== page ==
Long-term antihypertensive therapy with captopril.
Most forms of hypertension require life-long treatment; thus, it is important to determine the continuing effectiveness and safety of any new therapeutic agent. While participating in various investigational studies, 7103 hypertensive patients received captopril, of whom 4397 were treated for 3 months to 4 years. The 4-year patients included 2498 with mild or moderate essential hypertension (diastolic pressure less than 120 mm Hg), 893 with severe essential hypertension, and 517 with renovascular hypertension. Repeated examinations of these long-term therapy patients, the majority of whom also were receiving a diuretic, indicated no drug tolerance to the combination, i.e., there was continuing control of the blood pressure without significant increases in dosage or addition of other drugs. Side-effects occurring during the first few months of captopril administration (rash, taste disturbances, and, rarely, neutropenia) were not a problem during prolonged therapy. A few patients (70/7,103, or 1.0%) developed proteinuria, usually reversible and seldom associated with any deterioration of renal function. The proteinuria occurred most often in patients who had preexisting renal disease and were receiving high doses of the drug. There were no significant changes in key biochemical parameters. A total of 230 patients discontinued treatment for failure to maintain adequate blood pressure reduction, and 397 for side-effects. The estimated 4-year cumulative frequency of drug discontinuance for side-effects was 11.6% (life table method), which compares favorably with other classes of antihypertensive drugs.(ABSTRACT TRUNCATED AT 250 WORDS)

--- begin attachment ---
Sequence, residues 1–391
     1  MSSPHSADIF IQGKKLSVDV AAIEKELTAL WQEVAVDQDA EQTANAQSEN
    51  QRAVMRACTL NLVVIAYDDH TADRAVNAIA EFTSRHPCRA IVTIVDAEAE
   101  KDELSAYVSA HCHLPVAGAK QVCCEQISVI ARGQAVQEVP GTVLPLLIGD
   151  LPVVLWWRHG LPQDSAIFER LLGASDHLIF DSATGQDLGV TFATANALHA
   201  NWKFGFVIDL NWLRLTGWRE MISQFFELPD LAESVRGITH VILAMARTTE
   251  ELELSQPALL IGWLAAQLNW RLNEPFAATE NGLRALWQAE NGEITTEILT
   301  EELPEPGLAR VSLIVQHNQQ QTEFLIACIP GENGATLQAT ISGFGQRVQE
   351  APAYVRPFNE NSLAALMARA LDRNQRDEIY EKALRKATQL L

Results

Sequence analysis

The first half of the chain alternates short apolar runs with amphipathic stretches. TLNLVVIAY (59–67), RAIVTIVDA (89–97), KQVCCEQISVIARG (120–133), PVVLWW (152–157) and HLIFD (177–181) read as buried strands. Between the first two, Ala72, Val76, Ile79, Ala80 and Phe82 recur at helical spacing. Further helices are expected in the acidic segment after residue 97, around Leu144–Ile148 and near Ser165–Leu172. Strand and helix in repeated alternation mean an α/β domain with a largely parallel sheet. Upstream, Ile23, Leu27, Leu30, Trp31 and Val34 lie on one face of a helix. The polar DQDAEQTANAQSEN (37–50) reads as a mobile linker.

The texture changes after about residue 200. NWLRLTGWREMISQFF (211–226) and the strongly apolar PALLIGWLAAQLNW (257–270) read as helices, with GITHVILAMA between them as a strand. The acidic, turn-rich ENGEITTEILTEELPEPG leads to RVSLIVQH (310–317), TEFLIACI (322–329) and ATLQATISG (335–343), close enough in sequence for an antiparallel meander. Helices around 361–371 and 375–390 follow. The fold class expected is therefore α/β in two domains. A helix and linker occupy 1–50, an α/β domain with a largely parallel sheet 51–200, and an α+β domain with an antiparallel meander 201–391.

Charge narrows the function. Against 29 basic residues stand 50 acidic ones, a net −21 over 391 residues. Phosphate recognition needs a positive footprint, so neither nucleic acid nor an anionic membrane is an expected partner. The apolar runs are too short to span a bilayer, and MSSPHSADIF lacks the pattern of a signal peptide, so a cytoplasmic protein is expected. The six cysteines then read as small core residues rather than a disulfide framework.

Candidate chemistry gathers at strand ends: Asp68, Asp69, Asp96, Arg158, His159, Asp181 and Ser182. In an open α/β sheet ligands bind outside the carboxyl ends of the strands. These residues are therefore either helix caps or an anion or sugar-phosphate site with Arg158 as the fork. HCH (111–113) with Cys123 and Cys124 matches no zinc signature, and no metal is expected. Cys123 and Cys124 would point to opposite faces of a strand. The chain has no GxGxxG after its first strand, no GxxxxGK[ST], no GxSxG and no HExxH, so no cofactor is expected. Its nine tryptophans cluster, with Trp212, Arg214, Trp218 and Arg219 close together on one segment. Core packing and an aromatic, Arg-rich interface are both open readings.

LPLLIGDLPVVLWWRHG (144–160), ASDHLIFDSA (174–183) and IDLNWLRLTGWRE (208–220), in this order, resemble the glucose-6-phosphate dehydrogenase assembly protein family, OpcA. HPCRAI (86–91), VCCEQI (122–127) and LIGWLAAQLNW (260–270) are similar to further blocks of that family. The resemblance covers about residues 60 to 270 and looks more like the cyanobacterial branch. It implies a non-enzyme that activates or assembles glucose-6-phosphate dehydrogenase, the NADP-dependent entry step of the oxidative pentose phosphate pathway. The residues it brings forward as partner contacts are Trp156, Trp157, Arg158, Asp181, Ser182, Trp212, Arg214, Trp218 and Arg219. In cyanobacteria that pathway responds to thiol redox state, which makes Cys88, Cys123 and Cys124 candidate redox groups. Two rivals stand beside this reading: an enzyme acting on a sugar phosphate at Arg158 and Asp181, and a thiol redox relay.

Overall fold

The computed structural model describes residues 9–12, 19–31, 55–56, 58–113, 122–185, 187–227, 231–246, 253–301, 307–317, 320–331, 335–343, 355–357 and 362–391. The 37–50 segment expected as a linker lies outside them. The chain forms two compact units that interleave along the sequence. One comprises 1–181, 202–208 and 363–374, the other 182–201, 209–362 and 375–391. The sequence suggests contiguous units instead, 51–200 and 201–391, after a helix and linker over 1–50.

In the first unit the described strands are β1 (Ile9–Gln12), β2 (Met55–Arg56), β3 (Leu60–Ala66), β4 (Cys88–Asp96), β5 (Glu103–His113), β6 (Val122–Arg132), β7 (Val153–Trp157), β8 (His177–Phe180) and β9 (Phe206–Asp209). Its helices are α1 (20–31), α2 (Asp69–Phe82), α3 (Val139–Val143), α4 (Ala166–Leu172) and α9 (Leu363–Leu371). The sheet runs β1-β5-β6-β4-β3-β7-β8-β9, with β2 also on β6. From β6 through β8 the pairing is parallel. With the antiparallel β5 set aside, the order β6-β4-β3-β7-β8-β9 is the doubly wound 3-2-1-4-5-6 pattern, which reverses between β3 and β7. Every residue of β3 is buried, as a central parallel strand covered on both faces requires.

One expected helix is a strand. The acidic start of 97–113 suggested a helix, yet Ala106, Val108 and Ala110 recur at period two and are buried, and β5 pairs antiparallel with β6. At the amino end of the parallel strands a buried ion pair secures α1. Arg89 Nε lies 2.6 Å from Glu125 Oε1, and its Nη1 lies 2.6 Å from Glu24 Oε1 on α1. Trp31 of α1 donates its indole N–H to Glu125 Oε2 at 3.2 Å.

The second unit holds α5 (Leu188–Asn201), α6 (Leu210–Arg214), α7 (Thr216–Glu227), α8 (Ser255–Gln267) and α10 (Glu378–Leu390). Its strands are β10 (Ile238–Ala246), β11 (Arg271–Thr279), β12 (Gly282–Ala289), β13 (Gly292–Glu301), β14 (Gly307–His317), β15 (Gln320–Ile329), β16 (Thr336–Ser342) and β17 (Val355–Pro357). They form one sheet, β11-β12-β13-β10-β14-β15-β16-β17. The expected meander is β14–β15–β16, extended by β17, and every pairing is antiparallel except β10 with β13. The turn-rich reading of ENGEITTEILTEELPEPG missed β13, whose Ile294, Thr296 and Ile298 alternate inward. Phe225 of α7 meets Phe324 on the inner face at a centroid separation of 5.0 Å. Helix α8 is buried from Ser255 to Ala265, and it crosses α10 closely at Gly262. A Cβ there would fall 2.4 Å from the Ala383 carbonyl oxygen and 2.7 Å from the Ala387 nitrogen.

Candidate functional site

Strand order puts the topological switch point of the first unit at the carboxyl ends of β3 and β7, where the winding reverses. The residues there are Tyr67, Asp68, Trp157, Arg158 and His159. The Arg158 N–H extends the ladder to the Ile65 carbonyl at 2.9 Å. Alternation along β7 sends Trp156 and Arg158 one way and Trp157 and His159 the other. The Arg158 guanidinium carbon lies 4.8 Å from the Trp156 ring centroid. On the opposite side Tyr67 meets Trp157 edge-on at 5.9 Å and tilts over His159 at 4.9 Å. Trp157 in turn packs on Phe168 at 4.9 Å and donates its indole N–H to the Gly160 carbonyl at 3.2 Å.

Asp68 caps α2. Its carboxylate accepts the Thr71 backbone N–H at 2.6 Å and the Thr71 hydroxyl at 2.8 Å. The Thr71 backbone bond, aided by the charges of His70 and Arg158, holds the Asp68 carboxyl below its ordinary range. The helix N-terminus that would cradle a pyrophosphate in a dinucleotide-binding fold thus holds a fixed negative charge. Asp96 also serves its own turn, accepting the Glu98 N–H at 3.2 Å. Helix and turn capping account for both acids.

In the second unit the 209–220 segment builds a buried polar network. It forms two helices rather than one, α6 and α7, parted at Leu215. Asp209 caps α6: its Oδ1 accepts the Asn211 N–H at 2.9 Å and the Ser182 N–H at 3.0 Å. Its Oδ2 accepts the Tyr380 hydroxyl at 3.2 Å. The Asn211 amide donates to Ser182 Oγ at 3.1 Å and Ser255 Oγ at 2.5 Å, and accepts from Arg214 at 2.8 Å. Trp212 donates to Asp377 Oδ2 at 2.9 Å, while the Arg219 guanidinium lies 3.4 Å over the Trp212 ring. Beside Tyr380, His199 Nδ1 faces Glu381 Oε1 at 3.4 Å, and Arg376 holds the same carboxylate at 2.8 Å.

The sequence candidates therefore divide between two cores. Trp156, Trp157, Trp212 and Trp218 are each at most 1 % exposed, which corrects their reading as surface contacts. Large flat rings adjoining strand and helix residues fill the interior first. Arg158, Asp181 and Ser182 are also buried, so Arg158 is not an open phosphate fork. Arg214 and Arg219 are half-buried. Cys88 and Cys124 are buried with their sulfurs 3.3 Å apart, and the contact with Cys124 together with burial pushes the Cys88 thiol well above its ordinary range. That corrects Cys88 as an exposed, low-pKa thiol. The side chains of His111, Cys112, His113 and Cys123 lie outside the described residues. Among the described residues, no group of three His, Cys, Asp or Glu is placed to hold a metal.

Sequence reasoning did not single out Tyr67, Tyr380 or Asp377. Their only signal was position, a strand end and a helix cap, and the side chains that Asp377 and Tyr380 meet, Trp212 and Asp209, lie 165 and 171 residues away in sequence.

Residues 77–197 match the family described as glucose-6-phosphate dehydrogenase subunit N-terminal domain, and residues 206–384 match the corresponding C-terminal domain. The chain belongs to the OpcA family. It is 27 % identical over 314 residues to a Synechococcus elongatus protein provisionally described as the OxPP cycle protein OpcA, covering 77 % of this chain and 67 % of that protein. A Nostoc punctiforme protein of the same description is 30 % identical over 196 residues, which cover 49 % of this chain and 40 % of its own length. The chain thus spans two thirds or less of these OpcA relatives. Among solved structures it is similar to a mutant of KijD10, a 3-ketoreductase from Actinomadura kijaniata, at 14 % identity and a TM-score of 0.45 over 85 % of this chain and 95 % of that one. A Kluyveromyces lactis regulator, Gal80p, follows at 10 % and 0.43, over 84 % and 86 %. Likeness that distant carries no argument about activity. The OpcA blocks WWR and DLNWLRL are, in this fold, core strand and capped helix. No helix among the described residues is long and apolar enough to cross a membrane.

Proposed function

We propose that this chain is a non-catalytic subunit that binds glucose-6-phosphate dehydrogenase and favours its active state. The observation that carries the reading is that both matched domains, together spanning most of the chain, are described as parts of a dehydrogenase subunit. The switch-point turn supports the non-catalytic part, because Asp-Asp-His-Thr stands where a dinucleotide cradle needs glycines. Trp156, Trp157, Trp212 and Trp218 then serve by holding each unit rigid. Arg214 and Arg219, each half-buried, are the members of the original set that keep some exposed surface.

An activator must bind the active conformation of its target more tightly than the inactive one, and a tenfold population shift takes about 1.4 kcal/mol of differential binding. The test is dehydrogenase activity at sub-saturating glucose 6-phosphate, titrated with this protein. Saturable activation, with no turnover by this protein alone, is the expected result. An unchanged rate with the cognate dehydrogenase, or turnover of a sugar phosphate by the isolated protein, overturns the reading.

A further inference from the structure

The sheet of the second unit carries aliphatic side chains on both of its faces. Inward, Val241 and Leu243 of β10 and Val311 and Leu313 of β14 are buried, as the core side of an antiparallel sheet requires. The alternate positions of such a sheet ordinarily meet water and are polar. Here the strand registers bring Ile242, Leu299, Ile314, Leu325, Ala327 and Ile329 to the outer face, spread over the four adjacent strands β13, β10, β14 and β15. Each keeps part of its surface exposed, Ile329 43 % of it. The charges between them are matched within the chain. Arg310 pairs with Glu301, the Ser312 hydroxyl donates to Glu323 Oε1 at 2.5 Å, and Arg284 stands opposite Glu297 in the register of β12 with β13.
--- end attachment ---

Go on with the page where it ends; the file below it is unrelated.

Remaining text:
- Copyright © 1983 by American Heart Association